It’s so important to be disinterested in science

There was quite a lot of kerfuffle over the weekend about a lengthy piece from Daniel Sarewitz in The New Atlantis, entitled Saving ScienceHere’s the subhead from Sarewitz’s article, which might possibly help explain what all the fuss was about:

Science isn’t self-correcting, it’s self-destructing. To save the enterprise, argues Daniel Sarewitz, scientists must come out of the lab and into the real world.

Them’s fighting words…

…and the gloves are off.

Actually, no, I’m not going to tear into Sarewitz (well, not too much) because, buried in the hyperbole, puffery, and wild overstatement, he in fact makes a few decent points, which, if somewhat less than ground-breaking in their insights, are helpful to bear in mind. Let’s deal with the less level-headed assertions first, however.

As And Then There’s Physics points out, the thrust of Sarewitz’s article would appear to be that science should be more like engineering, i.e. focussed on near-term (and near-market) goals. Sarewitz argues that the disinterest [1] that should be core to fundamental science, and to which scientists aspire, is a “beautiful lie” that has trapped the scientific enterprise “in a self-destructive vortex”, apparently insulated from the outside “real” world.  If only scientists would do what they’re told — by whom? (and therein lies the rub, of course)– then all would be right with the world.

I’m a physicist whose work is unashamedly, and firmly, focussed on the fundamental rather than the applied. (Nonetheless, I should stress that “ivory tower” stereotypes wind me up a great deal. Like very many of my colleagues, I spend a great deal of time on public engagement.) Sarewitz’s claims about the damage wrought by curiosity-driven science, as he perceives it, are frustratingly naive in the context of the university-industry complex. John Ziman, the physicist turned sociologist, rightly included disinterestedness as one of the core norms he laid out in characterising scientific culture and the scientific method. (It’s the “D” in his CUDOS set of norms). [EDIT Sept 2 2016:: In the comments section below, Jack Stilgoe makes the important point that the CUDOS norms were, of course (and as I state in the Nature Nanotech article also mentioned below) originally put forward by Merton, not Ziman. My apologies for not giving credit where credit is due.] If exploratory research — science for science’s sake, if you will — is driven out in favour of the type of intensely focussed R&D Sarewitz is championing, then we compromise the disinterestedness that has underpinned so many key advances. But, more importantly, we further erode public trust in science.

Back in 2008, when what’s now known in UK academia as the “impact agenda” was in its infancy, I wrote an opinion piece for Nature Nanotechnology — I’m a nanoscientist — focussed on the type of concerns that Jennifer Washburn had raised about the corporatisation of universities (in her exceptionally important book, “University Inc”). Sarewitz is a professor of science and society; I am confident that he is just as aware as I am of the very many ethical quandaries, at best, and entirely unethical behaviour at worst that have arisen from science being too close to, rather than cossetted from, the “real world”. Some of these issues are described in Washburn’s book (and in that Nature Nanotech article), but a cursory glance at Ben Goldacre’s work, or a browse through David Colquhoun‘s blog, or a visit to the website of Scientists For Global Responsibility will also help demonstrate that sometimes it’s rather important to ensure that scientists are detached from the real world of the corporate bottom line.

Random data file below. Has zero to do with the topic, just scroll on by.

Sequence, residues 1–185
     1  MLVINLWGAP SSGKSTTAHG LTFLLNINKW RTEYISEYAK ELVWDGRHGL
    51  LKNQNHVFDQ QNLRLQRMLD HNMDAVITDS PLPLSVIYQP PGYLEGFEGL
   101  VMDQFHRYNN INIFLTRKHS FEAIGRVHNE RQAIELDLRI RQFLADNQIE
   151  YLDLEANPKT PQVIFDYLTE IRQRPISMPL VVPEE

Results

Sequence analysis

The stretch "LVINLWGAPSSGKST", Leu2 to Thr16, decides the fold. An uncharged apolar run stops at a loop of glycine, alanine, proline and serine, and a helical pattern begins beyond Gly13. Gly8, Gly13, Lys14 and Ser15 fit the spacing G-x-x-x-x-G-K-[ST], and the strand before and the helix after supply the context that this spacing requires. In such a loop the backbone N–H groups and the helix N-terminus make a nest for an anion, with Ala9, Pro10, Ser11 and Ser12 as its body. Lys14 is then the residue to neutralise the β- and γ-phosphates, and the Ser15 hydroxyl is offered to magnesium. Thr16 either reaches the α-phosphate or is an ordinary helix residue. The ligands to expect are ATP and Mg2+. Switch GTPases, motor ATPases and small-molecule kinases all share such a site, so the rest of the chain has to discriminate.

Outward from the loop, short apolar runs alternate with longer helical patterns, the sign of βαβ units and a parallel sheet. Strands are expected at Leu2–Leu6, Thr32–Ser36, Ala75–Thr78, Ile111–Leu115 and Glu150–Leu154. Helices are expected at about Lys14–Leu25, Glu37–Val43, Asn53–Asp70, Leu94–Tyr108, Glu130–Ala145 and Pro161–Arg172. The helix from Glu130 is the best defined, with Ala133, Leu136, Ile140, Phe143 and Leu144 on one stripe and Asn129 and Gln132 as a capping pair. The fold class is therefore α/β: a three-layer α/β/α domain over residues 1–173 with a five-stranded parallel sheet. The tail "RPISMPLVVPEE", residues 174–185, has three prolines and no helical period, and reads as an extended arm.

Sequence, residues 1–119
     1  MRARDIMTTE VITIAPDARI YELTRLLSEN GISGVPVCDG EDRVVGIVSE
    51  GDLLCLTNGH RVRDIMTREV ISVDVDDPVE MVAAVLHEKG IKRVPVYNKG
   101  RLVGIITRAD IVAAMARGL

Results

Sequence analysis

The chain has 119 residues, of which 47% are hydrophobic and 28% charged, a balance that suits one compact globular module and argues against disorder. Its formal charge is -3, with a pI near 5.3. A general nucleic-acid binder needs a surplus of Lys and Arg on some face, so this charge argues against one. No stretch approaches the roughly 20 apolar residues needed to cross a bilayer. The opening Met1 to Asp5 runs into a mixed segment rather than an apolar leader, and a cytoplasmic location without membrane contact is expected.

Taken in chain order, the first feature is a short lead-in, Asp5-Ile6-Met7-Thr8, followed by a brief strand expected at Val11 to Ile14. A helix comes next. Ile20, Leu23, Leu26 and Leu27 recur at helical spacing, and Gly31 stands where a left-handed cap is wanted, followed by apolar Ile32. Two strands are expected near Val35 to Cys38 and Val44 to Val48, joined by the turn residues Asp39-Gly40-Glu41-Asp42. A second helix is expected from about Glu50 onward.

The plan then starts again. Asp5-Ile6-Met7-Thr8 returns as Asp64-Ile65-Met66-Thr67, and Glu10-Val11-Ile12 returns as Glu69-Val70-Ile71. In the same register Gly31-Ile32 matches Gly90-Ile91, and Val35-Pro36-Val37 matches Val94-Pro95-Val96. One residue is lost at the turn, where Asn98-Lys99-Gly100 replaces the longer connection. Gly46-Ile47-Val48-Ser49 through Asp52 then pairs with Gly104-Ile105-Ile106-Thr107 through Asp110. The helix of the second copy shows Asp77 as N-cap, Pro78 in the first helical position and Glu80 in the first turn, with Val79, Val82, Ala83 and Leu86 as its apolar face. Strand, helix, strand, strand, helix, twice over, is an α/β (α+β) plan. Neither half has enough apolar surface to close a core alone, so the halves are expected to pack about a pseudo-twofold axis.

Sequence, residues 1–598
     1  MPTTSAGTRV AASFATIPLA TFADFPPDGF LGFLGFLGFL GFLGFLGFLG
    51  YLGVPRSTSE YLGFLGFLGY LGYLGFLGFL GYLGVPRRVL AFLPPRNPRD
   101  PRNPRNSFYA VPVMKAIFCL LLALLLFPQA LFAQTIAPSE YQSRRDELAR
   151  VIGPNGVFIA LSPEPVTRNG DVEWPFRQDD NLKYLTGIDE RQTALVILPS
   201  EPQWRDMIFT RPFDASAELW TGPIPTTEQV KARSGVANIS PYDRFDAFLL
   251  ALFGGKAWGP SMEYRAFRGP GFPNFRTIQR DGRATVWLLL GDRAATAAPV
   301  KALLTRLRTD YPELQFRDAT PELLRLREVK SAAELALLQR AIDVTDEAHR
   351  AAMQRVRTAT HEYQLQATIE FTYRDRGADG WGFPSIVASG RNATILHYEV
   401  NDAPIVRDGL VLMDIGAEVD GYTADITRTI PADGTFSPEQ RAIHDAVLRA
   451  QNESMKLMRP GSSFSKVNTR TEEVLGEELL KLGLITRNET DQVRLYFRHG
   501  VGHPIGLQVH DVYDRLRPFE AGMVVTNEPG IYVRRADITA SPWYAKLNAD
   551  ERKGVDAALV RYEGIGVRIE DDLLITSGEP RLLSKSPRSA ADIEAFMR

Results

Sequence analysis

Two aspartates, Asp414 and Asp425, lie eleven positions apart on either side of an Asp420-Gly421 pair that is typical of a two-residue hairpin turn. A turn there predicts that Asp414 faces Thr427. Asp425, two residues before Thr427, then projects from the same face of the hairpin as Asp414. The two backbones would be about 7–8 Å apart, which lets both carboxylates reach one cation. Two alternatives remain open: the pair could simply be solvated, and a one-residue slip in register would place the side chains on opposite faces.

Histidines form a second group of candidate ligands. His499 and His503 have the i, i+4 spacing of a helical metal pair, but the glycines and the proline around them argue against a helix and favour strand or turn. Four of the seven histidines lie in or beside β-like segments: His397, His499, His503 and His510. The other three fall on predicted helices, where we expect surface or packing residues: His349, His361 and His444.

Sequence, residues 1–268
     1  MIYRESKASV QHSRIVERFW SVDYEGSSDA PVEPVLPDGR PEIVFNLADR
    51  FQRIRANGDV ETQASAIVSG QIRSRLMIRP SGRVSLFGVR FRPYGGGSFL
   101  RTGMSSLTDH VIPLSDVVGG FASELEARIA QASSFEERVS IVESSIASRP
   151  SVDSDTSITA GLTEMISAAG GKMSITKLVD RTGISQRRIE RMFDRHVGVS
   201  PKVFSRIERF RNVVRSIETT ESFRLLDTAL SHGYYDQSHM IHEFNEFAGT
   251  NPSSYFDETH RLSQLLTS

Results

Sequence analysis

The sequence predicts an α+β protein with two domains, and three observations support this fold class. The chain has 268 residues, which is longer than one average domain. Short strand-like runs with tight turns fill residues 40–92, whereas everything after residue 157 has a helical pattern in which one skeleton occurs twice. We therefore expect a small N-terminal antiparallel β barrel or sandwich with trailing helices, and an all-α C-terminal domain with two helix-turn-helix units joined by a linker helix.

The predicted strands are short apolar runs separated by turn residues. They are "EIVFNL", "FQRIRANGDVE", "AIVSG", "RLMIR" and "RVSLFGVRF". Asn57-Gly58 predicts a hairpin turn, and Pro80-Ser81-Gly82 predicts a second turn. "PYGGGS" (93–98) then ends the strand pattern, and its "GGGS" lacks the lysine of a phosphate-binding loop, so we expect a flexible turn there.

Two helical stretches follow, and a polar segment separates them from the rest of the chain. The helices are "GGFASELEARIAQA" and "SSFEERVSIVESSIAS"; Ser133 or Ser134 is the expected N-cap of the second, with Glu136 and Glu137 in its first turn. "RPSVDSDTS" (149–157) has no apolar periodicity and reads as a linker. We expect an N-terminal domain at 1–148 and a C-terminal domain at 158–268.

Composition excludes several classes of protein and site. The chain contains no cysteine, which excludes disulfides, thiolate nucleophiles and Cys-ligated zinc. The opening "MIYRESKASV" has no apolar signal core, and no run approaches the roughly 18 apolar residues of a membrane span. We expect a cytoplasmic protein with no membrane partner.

My colleague here at Nottingham, Brigitte Nerlich, has also written a critique of Sarewitz’s piece in which she quotes Richard Feynman’s musings on the value of science. (As a physicist, I am contractually obliged to quote Feynman at least twice daily so it’s great to see that sociologists are also getting in on the act!)

…it seems to be generally believed that if the scientists would only look at these very difficult social problems and not spend so much time fooling with the less vital scientific ones, great success would come of it.

It seems to me that we do think about these problems from time to time, but we don’t put full‑time effort on them – the reason being that we know we don’t have any magic formula for solving problems, that social problems are very much harder than scientific ones, and that we usually don’t get anywhere when we do think about them.

Sarewitz’s argument is that scientific research should be tethered to “real world” problems and that, in doing so, science will be saved. Yet there has been a strong drive worldwide over the last decade or so to make academic science more focussed on near-term and near-market research of exactly the type Sarewitz prefers. Has this led to dramatic improvements in the quality of scientific peer review? Has it led to a reduction of the publish-or-perish culture? Or has it instead driven the development of a patent-or-perish and IP-protection culture that impedes, rather than improves, public engagement with science?